Thursday, 14 June 2012 2:04 PM
The American Civil War was one of the most pivotal moments in the history of the US and changed the face of the country forever.
Following the election of Abraham Lincoln – a fierce opponent of slavery – in 1861, 11 southern states seceded from the US to form the Confederate States of America – known as the Confederacy.
For four years, the Confederacy fought battle after battle with the Union before finally conceding defeat in 1865 and students can relive the many conflicts that took place on battlefield tours for schools.
The fires of the Civil War were stoked before the election of President Lincoln, however, his rise to power proved to be the final straw for the slave states who wanted to maintain slavery and were against federal government intrusion in state affairs.
Matters came to a head when the Confederacy – led by General P.T Beauregard – launched an attack on Fort Sumter in South Carolina – a federally-held fort. The Civil War was born.
Several battles followed including the First Battle of Bull Run, the Battle of Shiloh, the Second Battle of Bull Run and the Battle of Fredericksburg.
It is generally held among historians that the most pivotal conflict in the war was the Battle of Gettysburg in 1863, which led to a victory for the Union and the deaths of some 51,000 soldiers over three days.
The consequences of this battle were significant. Led by Robert E Lee, the Confederacy tried to invade the north but the defeat demoralised his soldiers and this proved to be the last time the Confederacy would attempt such an ambitious invasion.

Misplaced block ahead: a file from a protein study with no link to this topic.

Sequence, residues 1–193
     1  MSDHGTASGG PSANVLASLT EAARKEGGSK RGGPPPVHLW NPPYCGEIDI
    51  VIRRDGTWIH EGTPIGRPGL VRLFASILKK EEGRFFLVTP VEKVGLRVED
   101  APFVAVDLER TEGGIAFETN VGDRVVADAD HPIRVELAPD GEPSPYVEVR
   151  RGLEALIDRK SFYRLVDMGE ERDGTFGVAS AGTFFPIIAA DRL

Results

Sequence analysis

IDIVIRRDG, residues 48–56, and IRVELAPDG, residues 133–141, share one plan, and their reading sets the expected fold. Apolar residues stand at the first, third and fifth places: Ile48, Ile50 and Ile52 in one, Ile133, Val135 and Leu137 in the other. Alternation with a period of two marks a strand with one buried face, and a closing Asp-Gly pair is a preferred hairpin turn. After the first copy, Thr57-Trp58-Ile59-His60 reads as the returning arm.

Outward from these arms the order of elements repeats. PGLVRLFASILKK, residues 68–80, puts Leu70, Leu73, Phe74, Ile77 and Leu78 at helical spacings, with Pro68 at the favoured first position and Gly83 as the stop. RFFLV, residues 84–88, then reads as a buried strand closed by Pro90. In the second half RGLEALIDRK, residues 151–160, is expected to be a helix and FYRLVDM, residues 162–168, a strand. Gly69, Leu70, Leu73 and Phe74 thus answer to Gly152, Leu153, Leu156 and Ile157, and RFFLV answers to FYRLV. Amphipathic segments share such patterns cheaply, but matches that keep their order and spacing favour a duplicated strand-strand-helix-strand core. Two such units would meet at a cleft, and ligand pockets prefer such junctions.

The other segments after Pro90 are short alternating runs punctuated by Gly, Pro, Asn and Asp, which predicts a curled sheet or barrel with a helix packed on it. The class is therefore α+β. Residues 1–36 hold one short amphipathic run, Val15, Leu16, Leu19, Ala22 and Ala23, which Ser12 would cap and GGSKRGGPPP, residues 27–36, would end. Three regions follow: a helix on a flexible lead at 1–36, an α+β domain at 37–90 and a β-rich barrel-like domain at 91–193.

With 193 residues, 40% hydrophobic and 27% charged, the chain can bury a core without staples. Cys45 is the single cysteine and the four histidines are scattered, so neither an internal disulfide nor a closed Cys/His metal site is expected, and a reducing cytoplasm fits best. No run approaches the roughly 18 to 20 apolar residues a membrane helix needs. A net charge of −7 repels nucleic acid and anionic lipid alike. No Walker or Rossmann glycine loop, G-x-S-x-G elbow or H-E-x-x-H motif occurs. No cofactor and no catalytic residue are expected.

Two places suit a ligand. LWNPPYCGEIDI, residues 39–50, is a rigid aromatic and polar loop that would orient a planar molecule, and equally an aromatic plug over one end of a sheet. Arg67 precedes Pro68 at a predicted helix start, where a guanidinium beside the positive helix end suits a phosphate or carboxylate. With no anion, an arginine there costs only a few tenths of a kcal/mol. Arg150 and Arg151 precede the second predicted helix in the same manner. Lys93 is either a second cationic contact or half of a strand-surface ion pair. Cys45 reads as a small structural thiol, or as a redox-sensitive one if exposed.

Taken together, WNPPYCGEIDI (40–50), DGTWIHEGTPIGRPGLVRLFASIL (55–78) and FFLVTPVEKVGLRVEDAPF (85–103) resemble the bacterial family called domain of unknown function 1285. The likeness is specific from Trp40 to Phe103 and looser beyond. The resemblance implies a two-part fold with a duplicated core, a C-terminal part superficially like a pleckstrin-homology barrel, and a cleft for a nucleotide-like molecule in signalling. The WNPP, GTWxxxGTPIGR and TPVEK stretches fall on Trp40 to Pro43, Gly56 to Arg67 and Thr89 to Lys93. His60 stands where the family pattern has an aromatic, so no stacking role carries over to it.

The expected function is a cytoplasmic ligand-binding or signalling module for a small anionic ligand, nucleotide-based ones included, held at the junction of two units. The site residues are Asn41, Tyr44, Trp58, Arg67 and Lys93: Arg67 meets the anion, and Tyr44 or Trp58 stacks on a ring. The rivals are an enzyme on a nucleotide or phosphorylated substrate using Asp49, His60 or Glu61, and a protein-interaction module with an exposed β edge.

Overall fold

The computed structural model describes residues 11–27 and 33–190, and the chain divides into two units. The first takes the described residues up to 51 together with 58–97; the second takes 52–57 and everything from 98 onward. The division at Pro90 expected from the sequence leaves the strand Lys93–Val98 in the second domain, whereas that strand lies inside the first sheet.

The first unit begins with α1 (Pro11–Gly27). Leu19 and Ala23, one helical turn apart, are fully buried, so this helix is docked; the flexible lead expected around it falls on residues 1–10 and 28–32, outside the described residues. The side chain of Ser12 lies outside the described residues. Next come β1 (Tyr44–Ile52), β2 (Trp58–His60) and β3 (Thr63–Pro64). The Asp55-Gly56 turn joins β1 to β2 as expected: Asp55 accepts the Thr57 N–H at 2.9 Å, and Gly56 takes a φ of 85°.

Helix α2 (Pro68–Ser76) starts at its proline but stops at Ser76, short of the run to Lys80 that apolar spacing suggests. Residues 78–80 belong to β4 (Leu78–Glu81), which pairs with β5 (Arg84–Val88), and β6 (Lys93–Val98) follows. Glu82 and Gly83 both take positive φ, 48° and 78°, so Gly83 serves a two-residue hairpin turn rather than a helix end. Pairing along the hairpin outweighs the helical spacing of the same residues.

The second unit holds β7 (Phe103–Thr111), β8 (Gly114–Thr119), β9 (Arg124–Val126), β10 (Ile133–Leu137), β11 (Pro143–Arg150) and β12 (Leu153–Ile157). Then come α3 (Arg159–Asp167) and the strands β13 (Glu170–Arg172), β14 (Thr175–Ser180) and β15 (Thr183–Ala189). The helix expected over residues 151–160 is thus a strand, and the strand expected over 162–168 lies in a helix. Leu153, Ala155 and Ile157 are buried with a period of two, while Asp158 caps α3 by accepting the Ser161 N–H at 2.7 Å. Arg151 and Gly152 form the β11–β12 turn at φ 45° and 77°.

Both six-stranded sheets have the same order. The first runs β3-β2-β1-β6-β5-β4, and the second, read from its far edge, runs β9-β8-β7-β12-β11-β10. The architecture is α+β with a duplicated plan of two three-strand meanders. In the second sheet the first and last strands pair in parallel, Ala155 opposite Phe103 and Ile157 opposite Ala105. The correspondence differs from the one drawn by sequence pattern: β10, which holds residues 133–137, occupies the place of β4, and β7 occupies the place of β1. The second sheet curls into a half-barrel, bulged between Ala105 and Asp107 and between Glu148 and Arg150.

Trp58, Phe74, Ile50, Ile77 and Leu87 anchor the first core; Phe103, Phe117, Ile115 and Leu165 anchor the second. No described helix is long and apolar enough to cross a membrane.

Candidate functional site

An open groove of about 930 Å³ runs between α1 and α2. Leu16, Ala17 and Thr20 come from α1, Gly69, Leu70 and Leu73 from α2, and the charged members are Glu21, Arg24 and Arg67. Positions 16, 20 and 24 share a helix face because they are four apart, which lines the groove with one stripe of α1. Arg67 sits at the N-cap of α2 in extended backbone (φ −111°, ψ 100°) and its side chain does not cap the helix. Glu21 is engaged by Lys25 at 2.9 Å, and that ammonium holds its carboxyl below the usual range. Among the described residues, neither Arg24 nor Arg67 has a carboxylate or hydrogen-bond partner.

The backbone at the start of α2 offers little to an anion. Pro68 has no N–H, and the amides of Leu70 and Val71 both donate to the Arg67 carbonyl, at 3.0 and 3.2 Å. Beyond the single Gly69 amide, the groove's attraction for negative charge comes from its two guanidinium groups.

Subsequent victories were shared between the two sides before the Battle of Appomattox Court and the surrender of General Lee to Union leader General Grant.
The outcome of the Civil War gave birth to the America that we know today and there is no better way for students to get a sense of the event than by visiting the battlefields and museums charting the development of the conflict.
There are numerous sites in Washington where students can relive the Civil War, including the National Museum of American History. In addition, students can enjoy excursions to Gettysburg and Williamsburg, which were the sites of two of the most important battles.
Washington was transformed following the end of the conflict and students can take in the buildings and other developments that arose as a result of the Union's victory, giving them an interesting and thorough journey through the American Civil War.